Three years ago, Executive Chef Bobby Moore of the Willows Lodge in Woodinville, Washington, was turning down catering business due to a high demand for offsite catering. The lodge’s restaurant, the Barking Frog, is a local favorite situated in the midst of Washington wine country, which encompasses more than 100 wineries. At a time when food trucks were emerging on the nearby Seattle and Portland culinary scenes, Moore had an epiphany: “Wouldn’t it be amazing to have a food truck with an awesome kitchen, so we can deliver the same quality of food as the Barking Frog, but do it beyond the brick and mortar? Private homes, birthday parties, weddings—we could cook in the middle of a field if we had to.”
The lodge’s owner agreed, so Moore set about researching, interviewing, and shopping for the ideal truck, as well as for consultants and designers who could transform it into a state-of-the-art mobile kitchen. When it was finished, the 26-foot rolling restaurant was home to a six-burner oven, a large flat-top stove, a pizza prep station, two full-sized deep fryers, two full-sized refrigerators, a freezer, a triple sink, a hand sink, and a hot box.
The outside of the truck was crucial to Moore as well, so he and the Barking Frog’s Catering Director Erin Laccinole sat down with the lodge’s marketing team and a designer to come up with a rustic, whimsical look.
“We wanted the outside of the truck to represent the restaurant, so it’s covered in these [faux] wood planks, with the back door paralleling those found in the restaurant,” Moore explains. “We named the truck the ‘Road Toad,’ although some wanted to call it the ‘Barking Frog Mobile Kitchen (BFMK),’ so we just put all those names on the truck. We had the idea of having a bunch of the staff’s favorite sayings printed all over, like ‘bacon tastes good,’ a line from the movie Pulp Fiction. Also, the phrase, ‘must be nice’ has become a catchphrase at the lodge because so many people have said those words to us, envying our jobs here.”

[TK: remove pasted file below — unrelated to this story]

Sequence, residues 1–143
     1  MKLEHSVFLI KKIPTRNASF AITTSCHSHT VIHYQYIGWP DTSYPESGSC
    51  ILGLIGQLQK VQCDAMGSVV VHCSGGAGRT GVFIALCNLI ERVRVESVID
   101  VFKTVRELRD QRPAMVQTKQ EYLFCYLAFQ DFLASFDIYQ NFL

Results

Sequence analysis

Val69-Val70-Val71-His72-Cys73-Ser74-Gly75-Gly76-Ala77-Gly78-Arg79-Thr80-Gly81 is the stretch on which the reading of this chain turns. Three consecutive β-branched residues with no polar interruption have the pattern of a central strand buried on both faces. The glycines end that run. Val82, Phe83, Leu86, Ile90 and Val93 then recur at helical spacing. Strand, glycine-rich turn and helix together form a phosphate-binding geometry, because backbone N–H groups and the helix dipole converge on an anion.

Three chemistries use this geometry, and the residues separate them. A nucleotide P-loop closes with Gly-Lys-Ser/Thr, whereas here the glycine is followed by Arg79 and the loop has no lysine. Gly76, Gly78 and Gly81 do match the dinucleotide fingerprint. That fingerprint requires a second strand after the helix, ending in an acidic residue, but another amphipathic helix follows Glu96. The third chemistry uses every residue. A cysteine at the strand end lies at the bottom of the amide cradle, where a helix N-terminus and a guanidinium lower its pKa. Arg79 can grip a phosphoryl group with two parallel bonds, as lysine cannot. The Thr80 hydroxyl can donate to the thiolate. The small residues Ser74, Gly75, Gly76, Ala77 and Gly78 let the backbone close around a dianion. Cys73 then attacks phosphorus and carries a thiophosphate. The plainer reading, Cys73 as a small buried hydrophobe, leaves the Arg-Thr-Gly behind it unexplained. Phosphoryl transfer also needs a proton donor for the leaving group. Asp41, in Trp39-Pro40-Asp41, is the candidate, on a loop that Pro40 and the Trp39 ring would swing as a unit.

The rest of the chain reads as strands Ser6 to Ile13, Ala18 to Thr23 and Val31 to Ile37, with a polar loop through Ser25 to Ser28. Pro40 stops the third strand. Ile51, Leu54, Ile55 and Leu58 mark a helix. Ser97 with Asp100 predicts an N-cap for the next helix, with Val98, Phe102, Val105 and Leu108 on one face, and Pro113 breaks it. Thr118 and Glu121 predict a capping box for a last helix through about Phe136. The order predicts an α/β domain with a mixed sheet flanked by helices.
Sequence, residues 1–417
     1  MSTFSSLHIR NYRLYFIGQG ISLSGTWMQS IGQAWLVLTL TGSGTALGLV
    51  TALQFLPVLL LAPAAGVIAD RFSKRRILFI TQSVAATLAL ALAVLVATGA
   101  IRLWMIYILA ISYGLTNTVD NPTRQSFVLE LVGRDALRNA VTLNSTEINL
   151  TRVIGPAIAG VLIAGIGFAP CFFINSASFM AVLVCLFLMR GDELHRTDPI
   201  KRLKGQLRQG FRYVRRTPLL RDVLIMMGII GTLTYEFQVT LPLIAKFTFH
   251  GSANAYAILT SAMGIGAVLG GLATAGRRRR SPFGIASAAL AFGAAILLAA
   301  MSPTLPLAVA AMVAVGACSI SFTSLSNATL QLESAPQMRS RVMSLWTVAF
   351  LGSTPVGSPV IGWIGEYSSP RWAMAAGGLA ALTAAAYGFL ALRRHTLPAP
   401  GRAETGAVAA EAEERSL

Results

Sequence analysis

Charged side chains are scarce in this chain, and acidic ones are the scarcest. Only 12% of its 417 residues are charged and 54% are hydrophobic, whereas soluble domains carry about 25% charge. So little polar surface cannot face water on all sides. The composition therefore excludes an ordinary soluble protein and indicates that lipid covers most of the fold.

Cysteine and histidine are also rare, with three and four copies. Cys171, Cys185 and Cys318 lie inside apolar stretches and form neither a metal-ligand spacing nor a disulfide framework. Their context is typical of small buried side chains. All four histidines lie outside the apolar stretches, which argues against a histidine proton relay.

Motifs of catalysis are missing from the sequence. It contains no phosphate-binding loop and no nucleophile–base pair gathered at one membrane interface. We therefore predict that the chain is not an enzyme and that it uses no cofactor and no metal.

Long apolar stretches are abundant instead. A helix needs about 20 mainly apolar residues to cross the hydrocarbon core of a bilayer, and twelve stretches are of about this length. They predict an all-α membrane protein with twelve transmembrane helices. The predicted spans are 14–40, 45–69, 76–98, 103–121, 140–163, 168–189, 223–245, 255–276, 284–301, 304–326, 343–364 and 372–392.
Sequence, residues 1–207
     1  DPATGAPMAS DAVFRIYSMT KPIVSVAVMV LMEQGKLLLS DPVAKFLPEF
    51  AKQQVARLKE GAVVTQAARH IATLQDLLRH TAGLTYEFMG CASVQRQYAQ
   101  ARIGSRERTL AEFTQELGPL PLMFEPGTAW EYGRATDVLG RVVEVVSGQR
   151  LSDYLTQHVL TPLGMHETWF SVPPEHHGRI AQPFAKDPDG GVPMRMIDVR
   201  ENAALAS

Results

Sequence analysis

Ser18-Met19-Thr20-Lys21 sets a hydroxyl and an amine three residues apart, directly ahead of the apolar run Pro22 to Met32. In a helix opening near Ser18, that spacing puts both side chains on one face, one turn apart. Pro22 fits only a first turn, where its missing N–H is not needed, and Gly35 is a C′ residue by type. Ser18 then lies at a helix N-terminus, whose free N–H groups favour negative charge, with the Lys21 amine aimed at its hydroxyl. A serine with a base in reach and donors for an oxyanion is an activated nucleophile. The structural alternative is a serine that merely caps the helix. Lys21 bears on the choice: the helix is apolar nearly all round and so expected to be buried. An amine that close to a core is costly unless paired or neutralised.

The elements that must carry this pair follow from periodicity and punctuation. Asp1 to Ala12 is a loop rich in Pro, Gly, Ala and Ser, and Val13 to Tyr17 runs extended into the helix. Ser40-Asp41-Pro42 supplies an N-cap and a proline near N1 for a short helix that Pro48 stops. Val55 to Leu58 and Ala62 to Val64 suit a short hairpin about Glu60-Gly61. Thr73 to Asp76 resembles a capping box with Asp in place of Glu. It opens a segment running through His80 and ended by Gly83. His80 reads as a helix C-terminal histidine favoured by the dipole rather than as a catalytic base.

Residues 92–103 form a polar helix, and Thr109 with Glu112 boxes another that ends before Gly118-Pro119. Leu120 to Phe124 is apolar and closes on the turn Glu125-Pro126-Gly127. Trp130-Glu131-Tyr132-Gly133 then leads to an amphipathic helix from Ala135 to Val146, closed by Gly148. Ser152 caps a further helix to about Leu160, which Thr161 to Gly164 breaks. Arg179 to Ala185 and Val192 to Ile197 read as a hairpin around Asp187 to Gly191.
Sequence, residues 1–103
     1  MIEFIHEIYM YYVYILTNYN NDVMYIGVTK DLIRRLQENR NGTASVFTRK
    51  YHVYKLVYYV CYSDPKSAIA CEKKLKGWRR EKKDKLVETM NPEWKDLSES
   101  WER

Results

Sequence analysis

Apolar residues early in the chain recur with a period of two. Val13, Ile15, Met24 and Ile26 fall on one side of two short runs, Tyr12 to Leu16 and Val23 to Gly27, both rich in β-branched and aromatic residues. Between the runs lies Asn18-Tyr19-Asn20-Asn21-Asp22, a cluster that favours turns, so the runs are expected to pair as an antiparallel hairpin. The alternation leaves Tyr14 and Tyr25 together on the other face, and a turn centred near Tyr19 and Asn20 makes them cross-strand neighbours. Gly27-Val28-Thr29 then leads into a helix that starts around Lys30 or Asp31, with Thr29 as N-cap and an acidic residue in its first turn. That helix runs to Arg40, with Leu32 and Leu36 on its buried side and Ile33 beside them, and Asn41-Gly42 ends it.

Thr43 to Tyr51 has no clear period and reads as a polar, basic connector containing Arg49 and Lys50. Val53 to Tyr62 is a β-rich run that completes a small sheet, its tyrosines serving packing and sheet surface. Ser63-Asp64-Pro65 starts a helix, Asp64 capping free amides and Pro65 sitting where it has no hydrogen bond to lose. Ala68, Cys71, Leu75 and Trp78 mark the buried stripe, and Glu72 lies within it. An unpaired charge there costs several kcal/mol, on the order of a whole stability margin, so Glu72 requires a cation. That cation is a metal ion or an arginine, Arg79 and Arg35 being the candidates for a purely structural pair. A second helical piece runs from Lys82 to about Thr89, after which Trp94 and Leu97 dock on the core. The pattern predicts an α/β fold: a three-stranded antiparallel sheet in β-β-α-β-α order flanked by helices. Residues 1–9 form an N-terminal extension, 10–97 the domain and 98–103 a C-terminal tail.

For a total of $260,000, which includes $80,000 for the truck itself, Moore says the truck is everything he dreamed of and more.
“We even have a fantastic automatic retractable awning, since we have a lot of rain in the Pacific Northwest, and a flat-screen TV monitor outside to display our menu,” he adds.
The next step, says Laccinole, was hiring Catering Manager Jessica Padilla, a lead cook, and three dedicated servers for the mobile kitchen, then moving on to develop the menu.
The Road Toad’s food truck menu was limited to five of the most popular items from the Barking Frog. The menu stays consistent and includes Braised Short Rib Sandwich with Fries ($16), Grilled Chicken Club with Fries ($14), BFMK Fries ($6), BFMK Mac ‘n’ Cheese (with bacon and truffles, $10), Grand Marnier Prawn Salad ($12), and the Arugula and Beet Salad ($10).
“The first year, we went to a ton of food truck events, pods in Seattle for business lunches, wineries, festivals, anything to get our name out there and create buzz. We even just drove it around sometimes, because it makes quite an impression when you see it,” explains Laccinole.